“Wasn’t he just there, standing right in front of us?”
Actors are known to be complicated beings. Because the successful ones loom so large in our vision, their deaths are complicated too, even when they grow old and die of natural causes. Their recorded legacy always remains so vivid, so attached to life and youthfulness, that death seems to be one more Hollywood illusion. Weren’t they just there, standing right in front of us, taking our breath away? But nothing feels stranger than when an actor’s life is cut short irrevocably in his prime, as was proven again by the shocking, still unassimilable death of Heath Ledger, on January 22, 2008.
Even from his earliest, most casual roles, we see him seeking some depth beneath the surface. His bid for seriousness did not take the form of apologizing for his handsomeness, or trying to conceal it; at least not exactly. But consider the way he appears in 10 Things I Hate About You — almost bemused that the school looks up to him as a sex symbol. Rather than condescend to the geeky outcasts who solicit his help with girls, he seems to seek out equal ground with them. In A Knight’s Tale he plays shepherd to a scraggly, straggling flock of born losers, riding to their rescue again and again. Fellowship is an abiding theme of his films, and it does not seem accidental that Terry Gilliam cast him as the sensitive Grimm brother who cares more genuinely about the brotherhood and its precarious enterprise.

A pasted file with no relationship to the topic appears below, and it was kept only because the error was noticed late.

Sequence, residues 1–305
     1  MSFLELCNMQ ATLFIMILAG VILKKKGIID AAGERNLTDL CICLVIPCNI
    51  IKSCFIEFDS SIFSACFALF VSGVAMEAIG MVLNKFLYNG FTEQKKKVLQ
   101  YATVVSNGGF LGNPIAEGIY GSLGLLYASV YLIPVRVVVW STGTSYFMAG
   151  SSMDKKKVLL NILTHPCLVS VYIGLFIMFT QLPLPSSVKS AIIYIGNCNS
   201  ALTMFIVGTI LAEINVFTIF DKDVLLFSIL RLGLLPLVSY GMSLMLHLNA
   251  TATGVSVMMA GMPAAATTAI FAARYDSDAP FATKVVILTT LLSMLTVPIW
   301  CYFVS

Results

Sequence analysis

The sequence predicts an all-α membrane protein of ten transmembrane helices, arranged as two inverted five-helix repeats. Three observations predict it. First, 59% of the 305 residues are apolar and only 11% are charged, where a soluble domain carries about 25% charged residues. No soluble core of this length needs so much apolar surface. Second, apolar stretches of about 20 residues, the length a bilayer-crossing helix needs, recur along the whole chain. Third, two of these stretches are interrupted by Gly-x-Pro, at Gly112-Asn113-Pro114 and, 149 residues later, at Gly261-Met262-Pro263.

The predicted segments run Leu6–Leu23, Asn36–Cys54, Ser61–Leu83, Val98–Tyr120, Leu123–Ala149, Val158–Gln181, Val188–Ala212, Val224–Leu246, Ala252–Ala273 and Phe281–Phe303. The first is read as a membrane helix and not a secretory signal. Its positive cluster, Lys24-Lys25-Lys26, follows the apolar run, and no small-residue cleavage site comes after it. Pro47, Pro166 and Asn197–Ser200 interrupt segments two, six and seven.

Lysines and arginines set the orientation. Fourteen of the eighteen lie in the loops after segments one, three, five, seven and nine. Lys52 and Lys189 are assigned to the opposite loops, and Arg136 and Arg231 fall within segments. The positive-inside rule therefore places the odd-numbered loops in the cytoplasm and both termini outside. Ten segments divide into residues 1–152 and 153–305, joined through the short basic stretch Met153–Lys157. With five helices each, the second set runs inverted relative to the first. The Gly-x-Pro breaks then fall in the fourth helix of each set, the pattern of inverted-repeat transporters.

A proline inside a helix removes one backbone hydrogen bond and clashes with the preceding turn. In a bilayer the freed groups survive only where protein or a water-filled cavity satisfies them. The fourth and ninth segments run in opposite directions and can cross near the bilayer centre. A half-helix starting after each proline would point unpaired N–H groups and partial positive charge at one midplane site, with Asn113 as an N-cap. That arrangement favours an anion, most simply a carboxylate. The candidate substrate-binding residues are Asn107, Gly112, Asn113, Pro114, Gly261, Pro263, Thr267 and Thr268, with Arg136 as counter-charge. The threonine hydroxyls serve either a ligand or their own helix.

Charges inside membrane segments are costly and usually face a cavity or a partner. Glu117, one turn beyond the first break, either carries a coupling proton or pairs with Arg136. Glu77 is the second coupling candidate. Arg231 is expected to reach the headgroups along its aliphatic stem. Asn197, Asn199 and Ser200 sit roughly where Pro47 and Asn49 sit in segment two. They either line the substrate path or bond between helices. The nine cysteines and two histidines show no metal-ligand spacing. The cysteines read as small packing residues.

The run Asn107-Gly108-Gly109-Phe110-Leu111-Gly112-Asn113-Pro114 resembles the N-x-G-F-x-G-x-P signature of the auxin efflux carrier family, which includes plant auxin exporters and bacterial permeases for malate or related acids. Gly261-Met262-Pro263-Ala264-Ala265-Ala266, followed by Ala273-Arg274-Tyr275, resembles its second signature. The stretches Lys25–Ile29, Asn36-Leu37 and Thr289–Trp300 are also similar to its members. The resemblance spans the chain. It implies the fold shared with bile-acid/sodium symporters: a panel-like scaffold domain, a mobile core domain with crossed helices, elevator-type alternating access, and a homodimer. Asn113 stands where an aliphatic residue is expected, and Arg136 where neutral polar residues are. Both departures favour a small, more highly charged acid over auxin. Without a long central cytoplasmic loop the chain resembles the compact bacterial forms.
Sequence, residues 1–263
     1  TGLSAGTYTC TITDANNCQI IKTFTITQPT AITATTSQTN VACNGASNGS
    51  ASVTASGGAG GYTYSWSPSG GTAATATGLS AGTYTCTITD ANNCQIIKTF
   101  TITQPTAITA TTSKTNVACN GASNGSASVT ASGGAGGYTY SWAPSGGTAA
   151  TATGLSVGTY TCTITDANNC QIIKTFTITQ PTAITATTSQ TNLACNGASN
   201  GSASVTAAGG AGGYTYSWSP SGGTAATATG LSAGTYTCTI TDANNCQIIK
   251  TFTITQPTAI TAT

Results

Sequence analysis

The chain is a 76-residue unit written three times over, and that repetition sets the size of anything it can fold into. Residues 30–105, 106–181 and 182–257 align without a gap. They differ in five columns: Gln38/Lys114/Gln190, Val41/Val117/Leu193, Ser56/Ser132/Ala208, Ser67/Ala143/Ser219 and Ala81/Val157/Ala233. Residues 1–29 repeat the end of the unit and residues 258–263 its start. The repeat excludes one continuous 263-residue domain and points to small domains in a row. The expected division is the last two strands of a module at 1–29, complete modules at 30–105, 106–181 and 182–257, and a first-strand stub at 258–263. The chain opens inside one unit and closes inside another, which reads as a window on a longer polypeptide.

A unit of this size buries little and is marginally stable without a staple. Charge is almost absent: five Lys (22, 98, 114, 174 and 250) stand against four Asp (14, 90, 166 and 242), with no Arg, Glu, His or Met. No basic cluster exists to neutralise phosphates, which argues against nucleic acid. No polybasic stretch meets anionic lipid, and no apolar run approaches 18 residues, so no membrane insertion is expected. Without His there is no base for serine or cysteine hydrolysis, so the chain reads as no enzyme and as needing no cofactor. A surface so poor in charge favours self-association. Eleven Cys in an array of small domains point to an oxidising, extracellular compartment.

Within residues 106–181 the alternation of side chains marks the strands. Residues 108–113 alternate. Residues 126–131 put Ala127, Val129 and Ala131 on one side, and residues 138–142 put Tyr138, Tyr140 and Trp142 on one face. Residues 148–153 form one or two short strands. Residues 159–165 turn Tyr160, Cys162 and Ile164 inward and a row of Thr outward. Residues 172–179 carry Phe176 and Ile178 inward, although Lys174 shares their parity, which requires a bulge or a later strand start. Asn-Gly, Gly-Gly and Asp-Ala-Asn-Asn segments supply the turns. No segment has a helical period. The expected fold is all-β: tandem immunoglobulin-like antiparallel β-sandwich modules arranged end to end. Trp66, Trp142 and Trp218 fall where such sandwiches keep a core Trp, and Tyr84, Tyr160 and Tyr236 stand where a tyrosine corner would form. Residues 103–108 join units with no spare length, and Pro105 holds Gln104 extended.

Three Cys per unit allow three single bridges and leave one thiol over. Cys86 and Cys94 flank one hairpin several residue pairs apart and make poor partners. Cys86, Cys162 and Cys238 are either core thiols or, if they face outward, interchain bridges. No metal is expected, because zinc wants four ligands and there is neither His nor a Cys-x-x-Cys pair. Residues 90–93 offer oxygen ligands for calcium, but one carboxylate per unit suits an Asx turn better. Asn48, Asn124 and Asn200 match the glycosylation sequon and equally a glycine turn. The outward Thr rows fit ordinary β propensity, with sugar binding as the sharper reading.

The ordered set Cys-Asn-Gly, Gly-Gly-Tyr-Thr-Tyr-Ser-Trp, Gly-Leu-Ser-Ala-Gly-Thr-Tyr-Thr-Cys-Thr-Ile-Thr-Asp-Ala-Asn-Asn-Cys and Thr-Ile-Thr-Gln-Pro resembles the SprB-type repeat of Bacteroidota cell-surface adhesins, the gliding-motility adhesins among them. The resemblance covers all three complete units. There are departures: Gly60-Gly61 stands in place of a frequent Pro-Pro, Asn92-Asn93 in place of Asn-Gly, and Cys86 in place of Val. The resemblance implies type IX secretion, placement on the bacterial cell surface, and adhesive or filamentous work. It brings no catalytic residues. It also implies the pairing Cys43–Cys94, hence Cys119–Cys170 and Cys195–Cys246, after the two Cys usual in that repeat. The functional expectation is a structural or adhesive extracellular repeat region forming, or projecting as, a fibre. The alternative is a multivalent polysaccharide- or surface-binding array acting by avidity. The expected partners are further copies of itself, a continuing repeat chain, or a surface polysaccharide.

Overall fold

Perhaps these roles led more naturally than anyone could have supposed into the film for which he will probably be most remembered, for better or worse, but I think for better. As much as Brokeback Mountain functions as a kind of ensemble drama, it is Ledger who steals scene after scene with ferocious understatement. This makes his moments of uninhibited emotion all the more powerful. Who can forget his restless pacing by the window while he waits for Jack to arrive, and then his giddy bounding across the floor when he finally sees his pickup truck pulling up — one of the most honestly and unabashedly romantic moments in all of recent cinema. Or the way he lets his features distort with pain during the argument with Jack by the lake where they spend their precious time away from their heterosexual lives? And of course the last devastating close-up as he peers tearfully into his closet full of memories — a summation as succinctly elegiac and sublime as the closing shot of Victor Seastrom in Bergman’s Wild Strawberries.